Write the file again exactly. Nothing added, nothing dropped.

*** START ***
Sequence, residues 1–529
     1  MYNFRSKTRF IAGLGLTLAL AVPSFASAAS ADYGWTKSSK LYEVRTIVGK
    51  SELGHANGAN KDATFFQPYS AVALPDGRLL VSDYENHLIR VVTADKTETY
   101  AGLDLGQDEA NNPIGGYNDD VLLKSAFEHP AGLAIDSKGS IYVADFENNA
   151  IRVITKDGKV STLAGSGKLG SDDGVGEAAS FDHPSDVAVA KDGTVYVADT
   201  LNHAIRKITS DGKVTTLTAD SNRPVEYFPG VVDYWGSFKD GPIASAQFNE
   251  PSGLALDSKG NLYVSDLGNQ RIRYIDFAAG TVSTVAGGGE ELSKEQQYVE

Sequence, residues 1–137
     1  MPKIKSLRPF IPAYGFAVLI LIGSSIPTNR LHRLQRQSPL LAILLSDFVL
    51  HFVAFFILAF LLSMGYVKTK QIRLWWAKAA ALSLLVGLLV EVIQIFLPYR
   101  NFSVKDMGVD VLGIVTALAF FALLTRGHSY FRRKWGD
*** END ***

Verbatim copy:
Sequence, residues 1–529
     1  MYNFRSKTRF IAGLGLTLAL AVPSFASAAS ADYGWTKSSK LYEVRTIVGK
    51  SELGHANGAN KDATFFQPYS AVALPDGRLL VSDYENHLIR VVTADKTETY
   101  AGLDLGQDEA NNPIGGYNDD VLLKSAFEHP AGLAIDSKGS IYVADFENNA
   151  IRVITKDGKV STLAGSGKLG SDDGVGEAAS FDHPSDVAVA KDGTVYVADT
   201  LNHAIRKITS DGKVTTLTAD SNRPVEYFPG VVDYWGSFKD GPIASAQFNE
   251  PSGLALDSKG NLYVSDLGNQ RIRYIDFAAG TVSTVAGGGE ELSKEQQYVE

Sequence, residues 1–137
     1  MPKIKSLRPF IPAYGFAVLI LIGSSIPTNR LHRLQRQSPL LAILLSDFVL
    51  HFVAFFILAF LLSMGYVKTK QIRLWWAKAA ALSLLVGLLV EVIQIFLPYR
   101  NFSVKDMGVD VLGIVTALAF FALLTRGHSY FRRKWGD